United States: Sutherland Issues Annual Review of FINRA Sanctions: Finds FINRA slowdown began to reverse in 2009

Last Updated: July 26 2010
Article by Brian L. Rubin and Deborah G. Heilizer

Originally published July 12, 2010

Sutherland Asbill & Brennan LLP has completed its annual review of disciplinary actions brought by the Financial Industry Regulatory Authority (FINRA) in 2009. On June 22, 2010, FINRA issued its "2009 Year in Review." By reviewing FINRA's notices and releases, Sutherland Partners Deborah G. Heilizer and Brian L. Rubin and Associate Shanyn L. Gillespie found that FINRA reported modest increases in fines and disciplinary actions in 2009, as compared to 2008, but was less active than in 2005, 2006 and 2007. Sutherland also identified the top enforcement issues for FINRA in 2009, as well as disciplinary trends.

The Results

Fines and Disciplinary Actions

FINRA fined firms and individuals approximately $50 million in 2009, almost twice as much as in 2008 (approximately $28 million). While that increase is noteworthy, FINRA's fines in 2009 were still significantly smaller than the fines obtained by FINRA and its predecessors (NASD and the New York Stock Exchange) in 2005, 2006, and 2007 ($184 million, $111 million, and $77 million, respectively). In addition, FINRA resolved more disciplinary actions in 2009 (1,090) than in 2008 (1,007), but fewer than were resolved in prior years (1,344 in 2005; 1,147 in 2006; and 1,107 in 2007).

Top Enforcement Issues

  1. Mutual Funds, which generated the most total fines in 2008, once again produced the highest aggregate fines (approximately $12 million), narrowly edging out Suitability. Mutual fund cases accounted for nearly one-fourth of FINRA's total fines in 2009. More than one-half of the mutual fund cases (representing approximately $6.6 million in fines) also included suitability allegations (e.g., share class cases, discussed below). FINRA also levied significant fines in cases involving mutual fund specific issues, e.g., $2.1 million in fines levied against 25 firms for failing to comply with NASD's breakpoint self-assessment. It should also be noted that the $12 million in mutual fund fines, while significant, represents a small fraction of the fines in mutual fund cases in 2005 and 2006 ($104 million and $95 million, respectively).
  2. Suitability cases finished a close second in total fines (approximately $11.9 million). Fines were imposed for excessive trading and unsuitable sales of various products, including collateralized mortgage obligations (CMOs), hedge funds, unit investment trusts, installment plan contracts, and variable products. Not surprisingly, the biggest fines were in mutual fund suitability cases, including "supersized" fines (defined as over $1 million) in the following cases: (a) $4.41 million fine of a firm for, among other things, unsuitable sales of Class B and Class C mutual funds; and (b) $3.05 million fine of a firm for, among other things, failing to supervise two registered representatives who persuaded customers to take early retirement and executed unsuitable mutual fund transactions in those customers' accounts. Also notable is the $1.65 million in total fines assessed against five bank broker-dealers for failing to have adequate systems and procedures to supervise the suitability of variable annuity, mutual fund and unit investment trust transactions.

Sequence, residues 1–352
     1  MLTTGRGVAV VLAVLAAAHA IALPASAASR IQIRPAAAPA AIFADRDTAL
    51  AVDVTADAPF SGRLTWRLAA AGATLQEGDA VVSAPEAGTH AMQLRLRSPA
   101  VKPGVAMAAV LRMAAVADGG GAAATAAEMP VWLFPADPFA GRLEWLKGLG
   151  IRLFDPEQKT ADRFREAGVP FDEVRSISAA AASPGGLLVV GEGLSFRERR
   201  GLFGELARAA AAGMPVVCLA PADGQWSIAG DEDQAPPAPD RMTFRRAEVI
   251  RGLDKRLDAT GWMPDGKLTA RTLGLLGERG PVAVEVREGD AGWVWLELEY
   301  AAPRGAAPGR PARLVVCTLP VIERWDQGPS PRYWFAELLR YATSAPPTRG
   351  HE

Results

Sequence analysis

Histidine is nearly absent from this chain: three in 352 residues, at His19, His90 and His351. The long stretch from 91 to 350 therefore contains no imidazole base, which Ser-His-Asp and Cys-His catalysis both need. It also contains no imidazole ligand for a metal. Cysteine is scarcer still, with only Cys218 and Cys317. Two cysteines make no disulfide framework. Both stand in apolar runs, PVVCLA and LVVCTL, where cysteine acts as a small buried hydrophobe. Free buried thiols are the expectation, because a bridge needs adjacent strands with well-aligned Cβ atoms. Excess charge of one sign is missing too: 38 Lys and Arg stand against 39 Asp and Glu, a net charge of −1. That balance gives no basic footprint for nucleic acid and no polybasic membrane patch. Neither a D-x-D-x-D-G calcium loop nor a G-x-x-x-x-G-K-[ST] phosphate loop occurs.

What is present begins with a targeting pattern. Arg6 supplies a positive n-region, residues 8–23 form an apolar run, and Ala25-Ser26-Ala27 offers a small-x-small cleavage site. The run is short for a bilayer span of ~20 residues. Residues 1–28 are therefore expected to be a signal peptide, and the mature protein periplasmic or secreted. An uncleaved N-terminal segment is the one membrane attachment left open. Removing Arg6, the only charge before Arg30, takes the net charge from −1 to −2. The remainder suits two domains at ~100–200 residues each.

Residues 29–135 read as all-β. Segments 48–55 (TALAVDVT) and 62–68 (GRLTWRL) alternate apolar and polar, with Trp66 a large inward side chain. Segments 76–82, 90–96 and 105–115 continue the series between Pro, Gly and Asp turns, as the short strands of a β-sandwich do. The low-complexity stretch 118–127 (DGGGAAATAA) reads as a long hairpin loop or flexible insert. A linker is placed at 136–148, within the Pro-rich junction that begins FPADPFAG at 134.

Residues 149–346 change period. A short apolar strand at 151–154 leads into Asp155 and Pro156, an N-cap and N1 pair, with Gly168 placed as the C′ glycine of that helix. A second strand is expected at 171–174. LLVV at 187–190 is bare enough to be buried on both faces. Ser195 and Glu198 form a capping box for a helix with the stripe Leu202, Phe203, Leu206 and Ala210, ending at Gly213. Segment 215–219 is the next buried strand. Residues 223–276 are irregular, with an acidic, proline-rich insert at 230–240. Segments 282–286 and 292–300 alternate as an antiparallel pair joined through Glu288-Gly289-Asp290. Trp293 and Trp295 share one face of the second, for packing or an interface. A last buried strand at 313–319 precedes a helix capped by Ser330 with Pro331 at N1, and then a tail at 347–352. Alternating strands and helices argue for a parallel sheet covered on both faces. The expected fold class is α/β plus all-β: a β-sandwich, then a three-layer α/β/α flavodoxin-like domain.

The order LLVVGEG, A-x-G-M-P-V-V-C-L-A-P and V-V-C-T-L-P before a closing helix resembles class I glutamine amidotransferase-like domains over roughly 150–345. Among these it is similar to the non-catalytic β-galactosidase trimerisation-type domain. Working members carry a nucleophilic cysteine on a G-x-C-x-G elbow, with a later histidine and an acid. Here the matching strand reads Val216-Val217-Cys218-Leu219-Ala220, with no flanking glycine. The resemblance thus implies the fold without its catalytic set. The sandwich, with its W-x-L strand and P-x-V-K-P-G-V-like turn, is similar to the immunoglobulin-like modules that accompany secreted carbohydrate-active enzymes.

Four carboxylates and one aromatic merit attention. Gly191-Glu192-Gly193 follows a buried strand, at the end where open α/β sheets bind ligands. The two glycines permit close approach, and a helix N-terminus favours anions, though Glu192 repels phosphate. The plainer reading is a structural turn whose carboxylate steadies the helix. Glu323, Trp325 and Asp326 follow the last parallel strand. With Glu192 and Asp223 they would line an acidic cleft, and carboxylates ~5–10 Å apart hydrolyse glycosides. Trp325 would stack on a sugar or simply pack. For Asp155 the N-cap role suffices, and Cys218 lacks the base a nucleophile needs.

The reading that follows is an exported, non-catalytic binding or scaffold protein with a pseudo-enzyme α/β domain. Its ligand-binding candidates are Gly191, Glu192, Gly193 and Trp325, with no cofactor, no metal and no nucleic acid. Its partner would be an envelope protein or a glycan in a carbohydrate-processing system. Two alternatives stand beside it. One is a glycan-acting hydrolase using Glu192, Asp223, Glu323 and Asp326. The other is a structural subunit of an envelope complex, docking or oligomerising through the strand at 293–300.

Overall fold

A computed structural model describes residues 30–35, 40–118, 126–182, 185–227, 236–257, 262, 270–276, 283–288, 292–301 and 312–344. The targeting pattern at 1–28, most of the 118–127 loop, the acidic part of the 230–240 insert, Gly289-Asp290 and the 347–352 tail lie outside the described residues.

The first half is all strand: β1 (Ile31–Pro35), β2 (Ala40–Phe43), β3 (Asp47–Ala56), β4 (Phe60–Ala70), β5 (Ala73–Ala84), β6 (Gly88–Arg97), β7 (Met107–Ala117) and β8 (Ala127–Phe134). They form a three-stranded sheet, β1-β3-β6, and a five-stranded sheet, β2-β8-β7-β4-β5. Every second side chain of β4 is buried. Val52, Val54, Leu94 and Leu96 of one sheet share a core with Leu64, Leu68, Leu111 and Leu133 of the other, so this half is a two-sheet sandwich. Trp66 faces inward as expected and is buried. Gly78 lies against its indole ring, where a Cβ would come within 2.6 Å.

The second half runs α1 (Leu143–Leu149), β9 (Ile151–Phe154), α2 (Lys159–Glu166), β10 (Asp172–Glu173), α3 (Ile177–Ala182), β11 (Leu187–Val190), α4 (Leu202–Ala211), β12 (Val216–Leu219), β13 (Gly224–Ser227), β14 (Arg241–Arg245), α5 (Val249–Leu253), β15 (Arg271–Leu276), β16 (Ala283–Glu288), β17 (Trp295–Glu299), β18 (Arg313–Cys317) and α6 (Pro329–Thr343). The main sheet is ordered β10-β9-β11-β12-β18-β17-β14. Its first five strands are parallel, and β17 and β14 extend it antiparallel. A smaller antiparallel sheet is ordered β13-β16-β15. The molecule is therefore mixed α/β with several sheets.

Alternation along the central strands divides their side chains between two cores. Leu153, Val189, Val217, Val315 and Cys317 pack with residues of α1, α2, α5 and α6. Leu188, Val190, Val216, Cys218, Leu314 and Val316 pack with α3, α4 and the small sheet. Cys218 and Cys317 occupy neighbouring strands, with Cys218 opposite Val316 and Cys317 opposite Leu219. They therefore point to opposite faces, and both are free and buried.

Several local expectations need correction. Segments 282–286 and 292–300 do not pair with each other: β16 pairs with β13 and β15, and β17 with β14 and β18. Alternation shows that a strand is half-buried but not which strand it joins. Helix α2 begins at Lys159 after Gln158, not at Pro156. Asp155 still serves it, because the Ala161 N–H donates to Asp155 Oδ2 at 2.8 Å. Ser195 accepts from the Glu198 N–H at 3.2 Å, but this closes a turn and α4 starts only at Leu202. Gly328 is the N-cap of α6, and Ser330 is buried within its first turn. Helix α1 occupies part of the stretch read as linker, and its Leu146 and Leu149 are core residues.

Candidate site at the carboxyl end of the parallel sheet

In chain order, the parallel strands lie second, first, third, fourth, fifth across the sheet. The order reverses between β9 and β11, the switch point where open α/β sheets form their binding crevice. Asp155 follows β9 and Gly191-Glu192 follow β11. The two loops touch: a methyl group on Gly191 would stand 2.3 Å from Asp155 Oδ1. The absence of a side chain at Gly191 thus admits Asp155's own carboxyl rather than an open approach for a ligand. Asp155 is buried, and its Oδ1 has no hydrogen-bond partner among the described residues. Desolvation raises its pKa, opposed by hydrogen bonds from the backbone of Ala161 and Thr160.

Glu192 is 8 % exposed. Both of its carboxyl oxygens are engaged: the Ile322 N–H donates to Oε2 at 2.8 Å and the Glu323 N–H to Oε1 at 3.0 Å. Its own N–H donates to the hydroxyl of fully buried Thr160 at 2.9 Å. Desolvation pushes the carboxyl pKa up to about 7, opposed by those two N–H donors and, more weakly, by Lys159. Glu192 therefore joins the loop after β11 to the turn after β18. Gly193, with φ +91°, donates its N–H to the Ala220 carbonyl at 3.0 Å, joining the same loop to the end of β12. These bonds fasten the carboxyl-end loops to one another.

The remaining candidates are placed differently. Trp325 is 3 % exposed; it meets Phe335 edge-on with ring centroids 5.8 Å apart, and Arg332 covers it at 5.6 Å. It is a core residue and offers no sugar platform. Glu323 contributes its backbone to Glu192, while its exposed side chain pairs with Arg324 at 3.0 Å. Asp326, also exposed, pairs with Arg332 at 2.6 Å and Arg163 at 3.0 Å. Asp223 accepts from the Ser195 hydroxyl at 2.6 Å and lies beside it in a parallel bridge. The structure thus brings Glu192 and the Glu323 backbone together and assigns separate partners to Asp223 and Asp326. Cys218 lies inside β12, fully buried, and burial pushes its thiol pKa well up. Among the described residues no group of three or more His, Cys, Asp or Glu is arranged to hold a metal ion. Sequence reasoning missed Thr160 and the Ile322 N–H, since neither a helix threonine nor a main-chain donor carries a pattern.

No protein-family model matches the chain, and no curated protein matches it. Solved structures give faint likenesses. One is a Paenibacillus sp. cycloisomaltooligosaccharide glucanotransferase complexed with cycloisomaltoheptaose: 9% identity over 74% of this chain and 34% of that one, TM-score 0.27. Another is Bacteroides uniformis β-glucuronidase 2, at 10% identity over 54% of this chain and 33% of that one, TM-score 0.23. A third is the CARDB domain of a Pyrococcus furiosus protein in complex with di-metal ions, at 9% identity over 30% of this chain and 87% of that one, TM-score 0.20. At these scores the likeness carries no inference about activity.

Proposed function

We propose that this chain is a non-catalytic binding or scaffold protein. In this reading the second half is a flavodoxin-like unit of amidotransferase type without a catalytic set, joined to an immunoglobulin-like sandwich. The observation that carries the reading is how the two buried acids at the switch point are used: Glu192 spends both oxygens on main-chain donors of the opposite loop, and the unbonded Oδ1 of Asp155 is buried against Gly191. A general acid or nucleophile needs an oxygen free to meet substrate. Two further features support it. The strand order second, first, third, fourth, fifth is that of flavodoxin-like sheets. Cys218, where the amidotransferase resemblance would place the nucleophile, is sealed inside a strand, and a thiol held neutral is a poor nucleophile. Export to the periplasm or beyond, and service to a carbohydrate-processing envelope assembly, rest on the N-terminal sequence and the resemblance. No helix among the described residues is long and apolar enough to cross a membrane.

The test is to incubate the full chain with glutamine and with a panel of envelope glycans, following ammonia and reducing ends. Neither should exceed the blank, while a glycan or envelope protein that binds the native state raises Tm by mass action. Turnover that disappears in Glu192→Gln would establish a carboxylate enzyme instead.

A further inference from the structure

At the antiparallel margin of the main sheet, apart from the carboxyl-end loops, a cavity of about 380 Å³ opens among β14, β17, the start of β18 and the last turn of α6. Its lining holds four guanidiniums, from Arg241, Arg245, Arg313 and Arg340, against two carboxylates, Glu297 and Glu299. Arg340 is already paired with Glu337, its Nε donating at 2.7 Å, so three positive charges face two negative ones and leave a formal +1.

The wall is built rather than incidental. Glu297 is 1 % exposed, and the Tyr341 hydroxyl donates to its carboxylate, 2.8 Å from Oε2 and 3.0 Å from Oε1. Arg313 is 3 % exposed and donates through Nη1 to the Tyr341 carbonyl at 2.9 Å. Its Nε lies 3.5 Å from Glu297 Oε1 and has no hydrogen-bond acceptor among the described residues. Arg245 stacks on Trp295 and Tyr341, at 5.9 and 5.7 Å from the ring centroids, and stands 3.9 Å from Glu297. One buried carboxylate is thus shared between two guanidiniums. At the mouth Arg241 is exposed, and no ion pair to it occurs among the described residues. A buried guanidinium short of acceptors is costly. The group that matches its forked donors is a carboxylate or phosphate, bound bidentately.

3. Variable Products cases generated approximately $6.45 million in fines in 2009. "Supersized" fines were imposed in the following cases: (a) $1.75 million fine of a firm for executing 250 unsuitable variable annuity sales and exchanges, which included transactions that were part of an alleged "mass switch" campaign by a particular registered representative; and (b) $1.5 million fine of another firm for alleged "complete meltdown" of supervisory systems and procedures for the review of variable annuity sales.